Netflix recently revealed that it has reached a deal with the Roald Dahl Story Co. to create an animated series based on the acclaimed author’s works. As part of the announcement, the streaming service released a Charlie and the Chocolate Factory–themed promotional video—a video that, unfortunately, feels stale. Audiences have already witnessed Charlie Bucket’s discovery of that shimmering corner of a golden ticket many times over: in the original book, in the 1971 film, again in the 2005 film, and as part of a nationally touring musical. That once-satisfying curl of freshly ripped chocolate bar wrappings is no longer suspenseful. We know exactly what’s inside.
This is true of most of the other book titles featured prominently in the short video. Regardless of how you feel about Charlie and the Chocolate Factory, The BFG, and Matilda, all have already received popular big-screen treatments, so there’s no pressing need to remake them. Instead, the most exciting prospect of the Netflix deal has been quietly summarized by the afterthought, “and many more.” By taking on a new cinematic world based on the wryly hilarious and effortlessly fantastical author’s works, Netflix is teasing at least the possibility that we will get to see on-screen versions of lesser-known Dahl texts.
Take the titular installment in Dahl’s anthology, The Wonderful Story of Henry Sugar and Six More, for example. The narrative follows a rich, selfish, and unfulfilled man who, “like all wealthy people of this type,” wants to make himself even richer. To this end, Henry masters the ability to see through playing cards, a skill that allows him to win great sums of money while gambling. In a statement, Dahl’s widow, Felicity, called for Netflix’s forthcoming adaptations to bring children “the unique magic and positive message of Roald Dahl’s stories.” “Henry Sugar” can do just that, with a story about the misery of greed and the redemption of philanthropy.
The tale also demonstrates Dahl’s mastery of magical realism. Matilda has the natural gift for psychokinesis—you might remember those hovering, aerodynamic carrots—but in “Henry Sugar,” in order to break the laws of physics, the unremarkable hero must first go through years of rigorous practice and focus. Henry begins his training by doing something that any of us could do, by staring into a candle wick. Sure, in real life, you probably won’t end up scamming casinos, but the next time you find yourself sitting across from the blue, orange, and black glow of a candle flame, why not give it a try? “Henry Sugar” demonstrates one of the most endearing qualities of Dahl’s works: The details are only just beyond the realm of believability in our own world.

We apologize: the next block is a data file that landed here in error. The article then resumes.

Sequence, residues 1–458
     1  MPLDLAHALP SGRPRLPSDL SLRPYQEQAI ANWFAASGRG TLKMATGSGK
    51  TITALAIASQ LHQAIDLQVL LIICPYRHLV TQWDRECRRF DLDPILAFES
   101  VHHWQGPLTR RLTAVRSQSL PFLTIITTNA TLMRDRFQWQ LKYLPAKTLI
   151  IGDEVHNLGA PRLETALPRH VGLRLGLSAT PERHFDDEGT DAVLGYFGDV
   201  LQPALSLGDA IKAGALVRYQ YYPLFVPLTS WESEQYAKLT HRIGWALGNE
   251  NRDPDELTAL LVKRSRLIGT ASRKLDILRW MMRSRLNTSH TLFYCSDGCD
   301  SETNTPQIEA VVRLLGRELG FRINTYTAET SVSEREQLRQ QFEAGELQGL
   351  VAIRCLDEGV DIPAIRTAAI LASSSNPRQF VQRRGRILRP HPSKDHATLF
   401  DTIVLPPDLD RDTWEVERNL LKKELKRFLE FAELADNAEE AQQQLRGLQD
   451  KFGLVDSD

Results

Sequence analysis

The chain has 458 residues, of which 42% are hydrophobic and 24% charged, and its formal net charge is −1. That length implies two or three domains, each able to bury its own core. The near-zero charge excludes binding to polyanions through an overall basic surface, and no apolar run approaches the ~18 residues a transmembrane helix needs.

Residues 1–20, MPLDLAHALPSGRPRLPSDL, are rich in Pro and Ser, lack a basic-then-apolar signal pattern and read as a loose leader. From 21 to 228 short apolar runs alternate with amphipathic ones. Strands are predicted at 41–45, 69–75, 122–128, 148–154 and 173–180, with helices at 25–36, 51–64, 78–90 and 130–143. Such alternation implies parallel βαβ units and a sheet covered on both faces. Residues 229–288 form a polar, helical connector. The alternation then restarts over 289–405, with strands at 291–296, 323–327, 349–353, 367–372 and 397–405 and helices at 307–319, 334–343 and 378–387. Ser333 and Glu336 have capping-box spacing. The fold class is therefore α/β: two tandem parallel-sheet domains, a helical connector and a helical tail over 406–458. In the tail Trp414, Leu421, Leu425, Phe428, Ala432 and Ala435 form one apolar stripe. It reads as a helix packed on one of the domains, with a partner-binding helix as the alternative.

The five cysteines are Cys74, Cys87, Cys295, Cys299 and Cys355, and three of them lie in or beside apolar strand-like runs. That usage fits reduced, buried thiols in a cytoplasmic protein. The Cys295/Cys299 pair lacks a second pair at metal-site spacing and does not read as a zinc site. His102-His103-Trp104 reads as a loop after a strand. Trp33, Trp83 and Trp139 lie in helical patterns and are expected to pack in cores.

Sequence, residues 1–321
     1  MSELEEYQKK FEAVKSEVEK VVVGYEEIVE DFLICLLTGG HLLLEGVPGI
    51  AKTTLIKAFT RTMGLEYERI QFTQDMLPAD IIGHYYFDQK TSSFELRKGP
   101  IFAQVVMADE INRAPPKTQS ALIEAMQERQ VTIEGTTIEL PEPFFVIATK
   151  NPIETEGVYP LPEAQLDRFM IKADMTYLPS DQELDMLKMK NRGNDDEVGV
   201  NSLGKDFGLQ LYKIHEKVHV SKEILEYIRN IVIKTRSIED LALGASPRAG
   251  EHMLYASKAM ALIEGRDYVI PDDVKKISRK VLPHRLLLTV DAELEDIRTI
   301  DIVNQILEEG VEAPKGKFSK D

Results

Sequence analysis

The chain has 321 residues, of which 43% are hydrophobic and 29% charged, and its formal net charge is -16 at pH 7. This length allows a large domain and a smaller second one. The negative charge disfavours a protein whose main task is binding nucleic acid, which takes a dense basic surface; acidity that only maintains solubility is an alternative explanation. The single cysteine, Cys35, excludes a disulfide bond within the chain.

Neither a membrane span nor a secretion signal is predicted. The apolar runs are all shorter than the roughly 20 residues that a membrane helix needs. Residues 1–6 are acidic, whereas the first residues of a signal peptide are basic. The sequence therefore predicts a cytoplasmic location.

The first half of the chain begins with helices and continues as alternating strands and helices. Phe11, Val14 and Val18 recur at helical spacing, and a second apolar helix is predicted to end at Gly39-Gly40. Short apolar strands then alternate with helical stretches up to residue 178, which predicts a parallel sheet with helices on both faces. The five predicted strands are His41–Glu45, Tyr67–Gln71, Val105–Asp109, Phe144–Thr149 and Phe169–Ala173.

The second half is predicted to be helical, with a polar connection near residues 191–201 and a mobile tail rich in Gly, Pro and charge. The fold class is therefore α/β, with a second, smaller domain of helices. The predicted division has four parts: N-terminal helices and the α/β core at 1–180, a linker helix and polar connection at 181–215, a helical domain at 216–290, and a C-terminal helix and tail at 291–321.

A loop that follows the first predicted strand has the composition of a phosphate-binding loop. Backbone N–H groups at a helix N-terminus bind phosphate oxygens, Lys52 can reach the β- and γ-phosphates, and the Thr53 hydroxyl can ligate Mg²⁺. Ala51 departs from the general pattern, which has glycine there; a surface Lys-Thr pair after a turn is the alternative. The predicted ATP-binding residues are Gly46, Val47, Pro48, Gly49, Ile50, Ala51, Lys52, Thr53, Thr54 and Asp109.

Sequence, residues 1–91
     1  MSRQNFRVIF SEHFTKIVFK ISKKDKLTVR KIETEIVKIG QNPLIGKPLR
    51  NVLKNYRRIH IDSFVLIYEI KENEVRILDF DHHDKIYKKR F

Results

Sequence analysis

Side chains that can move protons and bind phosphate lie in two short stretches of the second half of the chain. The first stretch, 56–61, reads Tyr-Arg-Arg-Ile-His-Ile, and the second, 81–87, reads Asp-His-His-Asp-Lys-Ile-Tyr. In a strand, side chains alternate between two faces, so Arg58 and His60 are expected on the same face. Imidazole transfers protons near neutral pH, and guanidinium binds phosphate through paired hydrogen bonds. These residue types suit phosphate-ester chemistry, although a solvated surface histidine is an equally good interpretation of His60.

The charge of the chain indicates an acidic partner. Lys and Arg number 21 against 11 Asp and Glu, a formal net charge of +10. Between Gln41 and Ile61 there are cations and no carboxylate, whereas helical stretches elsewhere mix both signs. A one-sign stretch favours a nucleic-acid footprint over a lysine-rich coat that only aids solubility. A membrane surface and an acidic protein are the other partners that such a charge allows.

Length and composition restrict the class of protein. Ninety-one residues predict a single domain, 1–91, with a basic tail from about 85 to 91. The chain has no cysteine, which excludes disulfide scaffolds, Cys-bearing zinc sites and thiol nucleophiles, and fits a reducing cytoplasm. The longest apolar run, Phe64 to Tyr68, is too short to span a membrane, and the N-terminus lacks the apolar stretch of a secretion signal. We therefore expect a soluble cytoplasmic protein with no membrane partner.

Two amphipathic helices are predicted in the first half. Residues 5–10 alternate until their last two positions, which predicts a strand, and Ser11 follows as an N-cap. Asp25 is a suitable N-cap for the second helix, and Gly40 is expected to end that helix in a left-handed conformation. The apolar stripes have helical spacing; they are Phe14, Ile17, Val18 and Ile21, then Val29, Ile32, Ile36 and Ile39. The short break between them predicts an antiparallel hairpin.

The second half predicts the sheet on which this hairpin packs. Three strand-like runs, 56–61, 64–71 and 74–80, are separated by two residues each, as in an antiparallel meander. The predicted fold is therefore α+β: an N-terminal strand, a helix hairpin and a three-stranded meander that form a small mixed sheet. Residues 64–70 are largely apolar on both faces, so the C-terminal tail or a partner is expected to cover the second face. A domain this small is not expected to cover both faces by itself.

That’s equally true of George’s Marvelous Medicine, one of Dahl’s most visually appetizing and underrated books. This text, about a little boy whose potions have the ability to grow and shrink the drinker, has an undeniable appeal to children, especially the ones who made bubbly turquoise concoctions out of whatever they could find in their unsuspecting parents’ bathroom. Its swelling chickens, nasty grandmas, and fuming elixirs lend themselves to Quentin Blake’s dynamic, emotive illustrations, so they’d be similarly suited to an animated interpretation. And it’s in this tale that we get a final line that describes the consistent texture of Dahl’s stories: “For a few brief moments he had touched with the very tips of his fingers the edge of a magic world.”
Though it isn’t mentioned specifically in Netflix’s press release, there’s another promising candidate for Netflix adaptation in Danny, the Champion of the World, which epitomizes the absurd schemes and wrought but tender family dynamics that Dahl crafted so well. While the book was adapted into a made-for-TV movie starring Jeremy Irons in 1989, it never saw the success of Matilda or Charlie and the Chocolate Factory, making it ripe for an update. This novel follows 8-year-old Danny and his single dad, who enact revenge on a greedy businessman by poaching his pheasants. Like many of Dahl’s greatest books, this one features a child’s realization that the adults in his world may not be able to protect him and may themselves need help. It also presents that classic moral dilemma: Would you feed pheasants poison raisins to avenge your father’s broken ankle? And who wouldn’t want to see animations of drunk, teetering pheasants wrecking a Rolls-Royce?
Though there’s no telling which titles Netflix will ultimately choose to adapt from among the collection, the deal secures them the rights to everything from Dahl’s autobiographical tales Boy – Tales of Childhood and Going Solo to little-known stories such as The Giraffe and the Pelly and Me, The Magic Finger, and Esio Trot. Let’s hope Netflix realizes this opportunity to adapt less-trodden tales could lead to something whopping. Maybe even “something absolutely terrific.”